26 Jul Postal Service
The U.S. Postal Service is under attack
The only federal agency explicitly authorized in the Constitution, the United States Postal Service is both the oldest, and the most beloved government institution. Created by the 2nd Continental Congress on July 26, 1775 with Ben Franklin as the first Postmaster General, the USPS has been the thread that binds American life together for over two centuries. But today, the 245th anniversary, the Postal Service is under attack.
Dear Friends and Supporters,
COVID has shown how dependent we are on receiving mail and packages: our prescriptions, letters from friends and family, books, food, among many other items that are necessary to our health and well-being.
Across Utah’s 2nd Congressional District, residents are worried, particularly those who reside in rural areas. They fear losing their local post office. These concerns have a basis because private delivery companies do not go to every household in the U.S., instead often paying USPS to carry small packages to their final delivery points. In rural Utah, I have heard stories about missed packages and unexpected new mail commutes. When the town of Torrey’s satellite post office was shut down, for example, Wayne County residents in the area were left to pick up letters and packages in Bicknell.
Today, the U.S. Postal Service is under attack by the Trump administration. Trump himself has called the USPS “a joke” because he says the agency will not raise prices for Amazon-related deliveries. (Let’s also recall: Trump really dislikes true billionaire Jeff Bezos and his Washington Post newspaper.) Despite being among the most popular institutions in our country, USPS’s financial situation is precarious—a prior law required USPS to prefund employee retirement at an excessive level. Democrats in Congress are trying to help stabilize the numbers but lack bipartisan support.
Moreover, partisan attacks on mail-in ballots by Trump and some others in the GOP are intended to call into question states’ mail-in ballot process and overall reliability, which is popular and efficient in Utah. This, of course, is ominous rhetoric given Trump’s recent remarks that he might not honor the outcome of the vote on November 3rd should he lose the election.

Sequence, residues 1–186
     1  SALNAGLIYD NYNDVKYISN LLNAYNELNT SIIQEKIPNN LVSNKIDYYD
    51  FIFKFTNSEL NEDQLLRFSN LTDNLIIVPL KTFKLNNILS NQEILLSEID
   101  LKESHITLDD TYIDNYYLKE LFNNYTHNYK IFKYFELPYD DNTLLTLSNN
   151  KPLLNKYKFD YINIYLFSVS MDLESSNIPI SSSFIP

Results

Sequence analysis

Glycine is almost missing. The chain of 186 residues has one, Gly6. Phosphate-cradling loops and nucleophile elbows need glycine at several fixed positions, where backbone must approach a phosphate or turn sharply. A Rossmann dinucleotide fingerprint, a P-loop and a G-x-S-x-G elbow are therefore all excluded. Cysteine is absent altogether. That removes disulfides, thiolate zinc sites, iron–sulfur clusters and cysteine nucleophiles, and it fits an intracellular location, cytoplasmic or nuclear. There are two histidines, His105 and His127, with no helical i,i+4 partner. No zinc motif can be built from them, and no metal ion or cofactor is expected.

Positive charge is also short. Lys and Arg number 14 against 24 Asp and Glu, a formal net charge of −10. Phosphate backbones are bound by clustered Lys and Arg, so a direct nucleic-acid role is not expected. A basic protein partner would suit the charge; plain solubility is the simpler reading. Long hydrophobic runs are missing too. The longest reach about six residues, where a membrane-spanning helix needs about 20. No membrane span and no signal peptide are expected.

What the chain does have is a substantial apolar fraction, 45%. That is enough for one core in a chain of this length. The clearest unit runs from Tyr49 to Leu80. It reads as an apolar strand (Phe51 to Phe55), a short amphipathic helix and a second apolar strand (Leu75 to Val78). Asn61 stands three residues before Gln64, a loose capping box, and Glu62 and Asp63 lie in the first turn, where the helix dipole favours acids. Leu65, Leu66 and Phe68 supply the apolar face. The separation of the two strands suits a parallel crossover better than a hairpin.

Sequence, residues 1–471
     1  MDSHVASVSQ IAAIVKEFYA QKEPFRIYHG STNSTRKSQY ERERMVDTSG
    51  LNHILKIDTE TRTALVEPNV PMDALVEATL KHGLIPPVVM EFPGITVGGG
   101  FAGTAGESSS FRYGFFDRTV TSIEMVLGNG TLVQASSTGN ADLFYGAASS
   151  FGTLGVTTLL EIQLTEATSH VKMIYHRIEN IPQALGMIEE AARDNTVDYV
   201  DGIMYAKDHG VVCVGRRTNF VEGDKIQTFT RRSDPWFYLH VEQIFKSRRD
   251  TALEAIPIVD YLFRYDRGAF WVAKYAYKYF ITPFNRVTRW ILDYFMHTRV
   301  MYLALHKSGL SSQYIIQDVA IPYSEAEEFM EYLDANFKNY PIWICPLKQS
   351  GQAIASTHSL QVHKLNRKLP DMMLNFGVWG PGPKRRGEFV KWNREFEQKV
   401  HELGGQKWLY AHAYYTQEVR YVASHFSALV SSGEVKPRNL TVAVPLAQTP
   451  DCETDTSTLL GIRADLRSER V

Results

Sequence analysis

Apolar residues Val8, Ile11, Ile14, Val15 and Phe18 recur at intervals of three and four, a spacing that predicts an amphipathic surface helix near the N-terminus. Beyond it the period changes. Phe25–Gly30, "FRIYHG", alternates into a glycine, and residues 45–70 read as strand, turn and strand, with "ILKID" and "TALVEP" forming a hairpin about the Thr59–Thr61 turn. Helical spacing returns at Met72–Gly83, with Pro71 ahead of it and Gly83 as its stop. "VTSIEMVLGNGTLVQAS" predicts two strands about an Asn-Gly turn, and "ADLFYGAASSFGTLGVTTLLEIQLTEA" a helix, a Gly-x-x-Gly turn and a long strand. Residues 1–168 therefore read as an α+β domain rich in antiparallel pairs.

My position is straightforward: I am running to keep post offices open. It is a promise I have made in many small communities in CD2. And it is a promise I intend to keep if I am elected.
Over the last three months, my traveling campaign team and I have stopped at dozens of rural post offices. Many of them are included in the images in this message.
Local bulletin boards located at post offices are their own kind of community glue: with handwritten messages ranging from lost pets, to ATV repair services, book clubs, to bales of hay on sale, yoga classes, and various community events and notices.
Our campaign will be running a radio ad across the district that focuses on post offices. Here’s a preview.
Former Utah resident and writer, Edward Abbey, wrote, “But hell, I do like to write letters. Much easier than writing books.”
Not sure who said, “A letter won’t end up in the spam folder.”
What can you do to help save the United States Postal Service?
1. Buys Stamps! Buy Postcards! You can purchase online and have them delivered to your door, along with the rest of the mail!
IDEA: Use your new stamps and postcards to write to CD2 friends about Weston for Congress. Personal outreach through letters and postcards is the most effective way to get the word out.
2. Call your representatives in Congress and tell them to support stimulus funding. Tell them they must commit to supporting the USPS and a national vote by mail campaign.
IDEA: Use Resistbot to send messages directly to your representatives in minutes.
3. Register to vote. Register to vote by mail.
IDEA: Circle this date on your calendar: OCTOBER 20. With the recent mail slowdown implemented by the new Trump-selected Postmaster General, your mail in ballot should be postmarked 2 weeks before election day to ensure your vote is counted.
4. Get educated. Here are some links to get started.
- USPS Top Facts
- Philip F. Rubio, “Save the Postal Service,” The Atlantic, April 24, 2020.
- Austin Horn, “Hoping to Save the Postal Service, People Rush to Buy Stamps,” NPR, April 14, 2020.
- “Postal Service memos detail difficult changes,” The Washington Post, July 14, 2020.
- Dana Milbank, “Stop fretting about Trump and do something about it right now,” The Washington Post, July 24, 2020.
IDEA: Read the whole thread below. It’s a quick education on the U.S. Postal Service.
Please join me in supporting our post offices. By registering to vote, buying stamps, calling your current representatives in Congress.
Your donations will help us get more messages out on the radio. Working together, we can reinforce an institution that is an intrinsic part of our national story and has been with us since the beginning. Getting mail the old-fashioned way, via blue-and-white trucks delivered at PO Boxes and to home addresses, connects us—no matter our ZIP Codes—this election.
This is a fight worth fighting. This is a winning issue in CD2.
Thank you for your time. And please send us a photo of your local post office if you get a chance.